Call for Papers – Lives and Afterlives in the Middle Ages

The organizers of the annual New England Medieval Conference, to be hosted by Dart­ mouth College on November  19, 2016, invite papers that address the 2016 theme “Lives and Afterlives in the Middle Ages.” Whether one studies historical figures, relics, art, litera­ ture, theology, music or myriad other topics, the notion of “life and afterlife” serves as an almost universal conceit through which to interpret the Middle Ages. Some of the ques­ tions that might be addressed by speakers at the conference include: how did the aware­ ness of mortality condition medieval beings? How did time change the appearance, recep­ tion and meaning of events or artifacts?   Why and how did medieval works endure and remain relevant in cultural contexts far removed from that in which they first existed? The advantages to framing the Middle Ages in this fashion include the ability to ponder biogra­ phy and hagiography; the value of life and the matter of death; the promise of paradise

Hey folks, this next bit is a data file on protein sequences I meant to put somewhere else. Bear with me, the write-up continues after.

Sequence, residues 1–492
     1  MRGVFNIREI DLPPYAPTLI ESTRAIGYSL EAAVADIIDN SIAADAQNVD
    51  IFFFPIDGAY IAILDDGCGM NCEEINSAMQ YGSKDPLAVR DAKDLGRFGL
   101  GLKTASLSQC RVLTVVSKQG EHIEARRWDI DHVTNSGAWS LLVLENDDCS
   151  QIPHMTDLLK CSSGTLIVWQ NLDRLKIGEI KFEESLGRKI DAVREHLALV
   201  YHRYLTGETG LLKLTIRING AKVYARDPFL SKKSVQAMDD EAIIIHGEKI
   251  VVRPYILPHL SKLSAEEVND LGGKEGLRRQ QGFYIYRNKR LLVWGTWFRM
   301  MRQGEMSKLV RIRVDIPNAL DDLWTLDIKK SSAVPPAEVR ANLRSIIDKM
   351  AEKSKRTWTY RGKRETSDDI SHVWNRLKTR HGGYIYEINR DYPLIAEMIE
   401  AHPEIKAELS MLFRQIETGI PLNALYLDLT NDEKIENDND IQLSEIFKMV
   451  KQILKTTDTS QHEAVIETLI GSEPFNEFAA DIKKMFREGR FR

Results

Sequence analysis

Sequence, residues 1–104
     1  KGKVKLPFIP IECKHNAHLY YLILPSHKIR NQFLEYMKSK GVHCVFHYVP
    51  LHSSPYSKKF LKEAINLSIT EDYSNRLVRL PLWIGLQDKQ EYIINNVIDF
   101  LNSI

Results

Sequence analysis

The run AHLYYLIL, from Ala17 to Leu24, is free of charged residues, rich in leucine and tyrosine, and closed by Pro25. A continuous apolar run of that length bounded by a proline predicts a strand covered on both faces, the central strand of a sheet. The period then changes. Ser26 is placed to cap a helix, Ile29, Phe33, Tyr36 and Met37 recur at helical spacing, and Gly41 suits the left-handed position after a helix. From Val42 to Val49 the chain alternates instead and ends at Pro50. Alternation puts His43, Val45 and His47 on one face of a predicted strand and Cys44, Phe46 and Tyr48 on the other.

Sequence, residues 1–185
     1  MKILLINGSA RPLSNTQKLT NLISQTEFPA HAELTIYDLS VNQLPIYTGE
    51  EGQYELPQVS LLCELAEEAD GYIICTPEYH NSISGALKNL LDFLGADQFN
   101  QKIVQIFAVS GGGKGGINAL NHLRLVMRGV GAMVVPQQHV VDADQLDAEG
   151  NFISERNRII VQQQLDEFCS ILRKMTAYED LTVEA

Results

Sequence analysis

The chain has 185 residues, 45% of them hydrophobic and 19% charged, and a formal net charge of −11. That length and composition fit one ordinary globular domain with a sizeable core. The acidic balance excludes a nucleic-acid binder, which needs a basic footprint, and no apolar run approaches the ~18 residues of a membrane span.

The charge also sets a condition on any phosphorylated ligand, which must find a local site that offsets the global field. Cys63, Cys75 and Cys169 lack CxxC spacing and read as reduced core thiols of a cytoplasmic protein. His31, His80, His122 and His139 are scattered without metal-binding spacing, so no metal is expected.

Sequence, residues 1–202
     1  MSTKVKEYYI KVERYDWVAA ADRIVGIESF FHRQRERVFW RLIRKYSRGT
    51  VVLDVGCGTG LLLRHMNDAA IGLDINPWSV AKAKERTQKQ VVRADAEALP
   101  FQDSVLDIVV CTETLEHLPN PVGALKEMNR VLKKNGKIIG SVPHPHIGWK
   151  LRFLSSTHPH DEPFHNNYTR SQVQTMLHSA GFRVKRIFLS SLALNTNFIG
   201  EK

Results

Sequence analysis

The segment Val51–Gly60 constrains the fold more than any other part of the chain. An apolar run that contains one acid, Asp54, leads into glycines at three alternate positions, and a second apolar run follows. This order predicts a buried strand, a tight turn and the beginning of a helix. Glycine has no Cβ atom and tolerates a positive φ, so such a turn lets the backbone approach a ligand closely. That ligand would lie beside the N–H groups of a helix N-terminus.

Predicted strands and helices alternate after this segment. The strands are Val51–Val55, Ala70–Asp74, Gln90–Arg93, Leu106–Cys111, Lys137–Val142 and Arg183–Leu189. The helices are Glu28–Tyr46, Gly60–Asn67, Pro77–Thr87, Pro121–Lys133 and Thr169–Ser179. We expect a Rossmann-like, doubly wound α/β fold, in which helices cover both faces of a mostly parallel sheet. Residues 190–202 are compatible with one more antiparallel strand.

and the specter of damnation. Likewise, from the perspective of a cultural historian, this year’s theme encourages synchronic and diachronic approaches that might address the making and reception of cultural artifacts or other key moments in an artifact’s life-history.

This year’s keynote speaker will be Paul Freedman, the Chester D. Tripp Professor of History at Yale University.

Paper proposals of circa 400 words should be sent by June 15th to the attention of Morgan Swan and Nicola Camerlenghi at the following address: For more about the New En­ gland Medieval Conference, visit

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